became his ally, both by sea and land.

    A.D. 946. This year King Edmund died, on St. Augustine's mass
    day. That was widely known, how he ended his days: -- that Leof
    stabbed him at Pucklechurch. And Ethelfleda of Damerham,
    daughter of Alderman Elgar, was then his queen. And he reigned
    six years and a half: and then succeeded to the kingdom Edred
    Atheling his brother, who soon after reduced all the land of the
    Northumbrians to his dominion; and the Scots gave him oaths, that
    they would do all that he desired."

    Reputation: Edmund's reign was short...between seven and five years, and he was only about 26 when he died.

    Conclusion: A good start...a bad end.

    Rating: 6/10
  18. Zaz Jedi Grand Master

    Member Since:
    Oct 11, 1998
    star 9
    Next: Edred I

    [image=http://www.britroyals.com/images/edred.jpg]

    Born: c. 923/5

    Died: 955

    Reigned: 946-955

    Father: Edward the Elder

    Mother: Edgiva of Kent

    Wife: None known

    Children: None known

    Successor: His nephew, Edwy

    Achievements: "Under the entry for the year 946, the Anglo-Saxon Chronicle records that Eadred ?reduced all the land of Northumbria to his control; and the Scots granted him oaths that they would do all that he wanted.?[2] Nevertheless, Eadred soon faced a number of political challenges to the West-Saxon hegemony in the north. Unfortunately, there are some notorious difficulties with the chronology of the events described in the historical sources, but it is clear that there were two Scandinavian princes who set themselves up as kings of Northumbria.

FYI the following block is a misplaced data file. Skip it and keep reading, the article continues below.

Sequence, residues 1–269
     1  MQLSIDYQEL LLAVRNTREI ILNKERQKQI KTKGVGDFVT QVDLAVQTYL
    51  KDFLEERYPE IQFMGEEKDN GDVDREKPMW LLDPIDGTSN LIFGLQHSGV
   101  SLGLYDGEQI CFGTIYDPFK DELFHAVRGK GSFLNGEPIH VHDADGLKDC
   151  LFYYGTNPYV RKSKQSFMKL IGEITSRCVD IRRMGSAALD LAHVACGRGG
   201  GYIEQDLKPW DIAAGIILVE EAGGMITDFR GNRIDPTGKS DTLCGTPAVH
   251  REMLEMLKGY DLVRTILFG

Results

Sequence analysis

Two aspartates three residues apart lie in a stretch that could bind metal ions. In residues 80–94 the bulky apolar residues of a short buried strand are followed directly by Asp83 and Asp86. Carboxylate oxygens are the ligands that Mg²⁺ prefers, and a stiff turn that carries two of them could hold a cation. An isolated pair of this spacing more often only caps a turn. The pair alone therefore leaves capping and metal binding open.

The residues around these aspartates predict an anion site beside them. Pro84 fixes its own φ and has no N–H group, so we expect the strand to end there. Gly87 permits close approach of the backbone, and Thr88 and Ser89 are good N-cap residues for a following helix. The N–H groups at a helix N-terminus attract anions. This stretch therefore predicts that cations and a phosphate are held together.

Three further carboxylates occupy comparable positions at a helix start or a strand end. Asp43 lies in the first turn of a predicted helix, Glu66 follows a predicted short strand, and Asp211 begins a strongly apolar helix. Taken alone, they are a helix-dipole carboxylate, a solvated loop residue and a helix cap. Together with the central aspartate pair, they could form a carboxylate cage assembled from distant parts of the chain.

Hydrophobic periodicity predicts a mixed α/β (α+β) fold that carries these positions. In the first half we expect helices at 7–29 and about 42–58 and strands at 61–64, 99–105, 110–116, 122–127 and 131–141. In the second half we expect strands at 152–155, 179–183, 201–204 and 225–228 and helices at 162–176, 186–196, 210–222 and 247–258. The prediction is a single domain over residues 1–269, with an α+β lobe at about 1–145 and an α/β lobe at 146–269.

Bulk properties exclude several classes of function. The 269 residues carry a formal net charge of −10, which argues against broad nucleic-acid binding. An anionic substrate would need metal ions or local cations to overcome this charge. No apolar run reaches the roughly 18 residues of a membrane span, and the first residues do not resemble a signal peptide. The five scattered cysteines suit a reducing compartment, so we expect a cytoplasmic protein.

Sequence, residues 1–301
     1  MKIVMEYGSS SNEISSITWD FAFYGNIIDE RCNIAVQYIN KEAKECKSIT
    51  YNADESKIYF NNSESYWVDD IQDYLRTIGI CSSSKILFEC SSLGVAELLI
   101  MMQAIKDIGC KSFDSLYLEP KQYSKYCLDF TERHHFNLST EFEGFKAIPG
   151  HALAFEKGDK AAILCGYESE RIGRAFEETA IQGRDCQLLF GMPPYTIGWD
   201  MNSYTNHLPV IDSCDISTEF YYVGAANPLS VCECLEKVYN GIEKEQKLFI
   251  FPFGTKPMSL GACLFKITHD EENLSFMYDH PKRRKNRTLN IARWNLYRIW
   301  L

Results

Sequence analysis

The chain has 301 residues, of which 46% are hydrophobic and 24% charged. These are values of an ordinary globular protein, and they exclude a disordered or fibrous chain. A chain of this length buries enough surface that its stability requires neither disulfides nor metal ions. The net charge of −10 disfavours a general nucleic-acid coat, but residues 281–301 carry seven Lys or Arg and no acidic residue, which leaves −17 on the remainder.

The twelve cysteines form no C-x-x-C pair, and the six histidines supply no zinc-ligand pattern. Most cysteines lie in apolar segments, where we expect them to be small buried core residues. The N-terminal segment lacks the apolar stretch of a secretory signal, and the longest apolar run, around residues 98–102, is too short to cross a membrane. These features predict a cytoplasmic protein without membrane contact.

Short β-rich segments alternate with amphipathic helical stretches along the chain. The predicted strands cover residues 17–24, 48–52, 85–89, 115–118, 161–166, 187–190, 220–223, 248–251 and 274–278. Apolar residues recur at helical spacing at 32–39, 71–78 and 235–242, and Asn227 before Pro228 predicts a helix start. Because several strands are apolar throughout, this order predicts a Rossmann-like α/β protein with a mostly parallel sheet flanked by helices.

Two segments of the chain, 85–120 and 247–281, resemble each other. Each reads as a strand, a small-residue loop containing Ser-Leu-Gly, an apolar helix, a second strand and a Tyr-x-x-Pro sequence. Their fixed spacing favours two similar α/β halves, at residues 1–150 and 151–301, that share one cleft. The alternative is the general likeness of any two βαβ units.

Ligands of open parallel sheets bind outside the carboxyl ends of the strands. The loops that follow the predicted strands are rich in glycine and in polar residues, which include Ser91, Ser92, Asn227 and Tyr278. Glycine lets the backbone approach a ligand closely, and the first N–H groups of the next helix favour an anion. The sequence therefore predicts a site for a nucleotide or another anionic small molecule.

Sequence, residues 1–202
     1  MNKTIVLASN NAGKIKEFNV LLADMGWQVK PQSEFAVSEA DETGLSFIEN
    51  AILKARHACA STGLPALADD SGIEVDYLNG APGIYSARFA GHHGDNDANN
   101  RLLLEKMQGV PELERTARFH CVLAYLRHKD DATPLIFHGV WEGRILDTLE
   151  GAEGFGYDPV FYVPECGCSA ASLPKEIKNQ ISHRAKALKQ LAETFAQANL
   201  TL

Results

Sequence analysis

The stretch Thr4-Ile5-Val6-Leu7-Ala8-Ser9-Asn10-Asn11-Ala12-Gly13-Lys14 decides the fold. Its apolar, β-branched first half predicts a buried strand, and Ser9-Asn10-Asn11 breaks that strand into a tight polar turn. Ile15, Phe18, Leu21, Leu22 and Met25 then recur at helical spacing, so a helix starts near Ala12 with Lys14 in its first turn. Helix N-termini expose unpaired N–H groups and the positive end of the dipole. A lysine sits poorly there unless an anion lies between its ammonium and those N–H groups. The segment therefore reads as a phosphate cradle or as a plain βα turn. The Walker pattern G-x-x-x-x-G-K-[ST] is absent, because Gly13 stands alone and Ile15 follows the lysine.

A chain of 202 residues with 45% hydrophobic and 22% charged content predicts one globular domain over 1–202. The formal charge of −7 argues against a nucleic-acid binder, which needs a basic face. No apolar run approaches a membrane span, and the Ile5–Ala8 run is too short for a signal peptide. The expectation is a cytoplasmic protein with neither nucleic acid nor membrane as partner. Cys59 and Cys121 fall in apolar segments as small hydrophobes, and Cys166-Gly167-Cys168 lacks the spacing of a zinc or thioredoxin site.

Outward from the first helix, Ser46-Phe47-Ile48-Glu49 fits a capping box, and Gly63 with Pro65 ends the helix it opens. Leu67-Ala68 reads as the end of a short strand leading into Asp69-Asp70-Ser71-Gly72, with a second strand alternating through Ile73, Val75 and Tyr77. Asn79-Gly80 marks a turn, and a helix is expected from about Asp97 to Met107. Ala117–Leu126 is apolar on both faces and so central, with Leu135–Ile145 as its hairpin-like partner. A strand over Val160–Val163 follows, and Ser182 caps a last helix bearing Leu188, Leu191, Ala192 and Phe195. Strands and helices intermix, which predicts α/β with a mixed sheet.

Olaf Sihtricson, otherwise known as Amlaíb Cuarán (?Sandal?), had been king of York (Jórvik) in the early 940?s, when he became Edmund?s godson and client king, but he was later driven out. He then succeeded his cousin as King of Dublin, but after a heavy defeat in battle in 947, was once again forced to try his luck elsewhere.[3] Shortly after this, Olaf was back in business, having regained the kingdom of York.[4] What Eadred thought of the matter or how much sympathy he bore for his brother?s godson, remains anyone?s guess, but it seems that he at least tolerated Olaf?s presence. In any event, Olaf was ousted from the kingship a second time by the Northumbrians, this time in favour of Eric son of Harald, according to MS E of the Chronicle.[5]

    This other player in the game was Eric ?Bloodaxe?, previously king of Norway (r. 930-4). After a number of successful operations elsewhere, he came to Northumbria and appears at some point to have set himself up as king. King Eadred responded harshly to the northern defectors by launching a destructive raid on Northumbria, which notably included burning the Ripon minster founded by St Wilfrid. Although his forces had to sustain heavy losses in the Battle of Castleford (as he returned home), Eadred managed to check his rival by promising the latter?s supporters even greater havoc if they did not desert the foreign prince. The Northumbrians did indeed appease the English king in this way and paid compensation.[6]

    The Historia Regum suggests that the threat of an independent Northumbrian king had come to an end in 952, when earls finally took over the helm."

    Sources: The Anglo-Saxon Chronicle, Historia Regum

    Reputation: Another not-very-long reign. Edred was the youngest son of Edward the Elder. Edmund I had two surviving sons, but they were too young to reign. Edred had a reputation for temper and violence, but he may have needed them.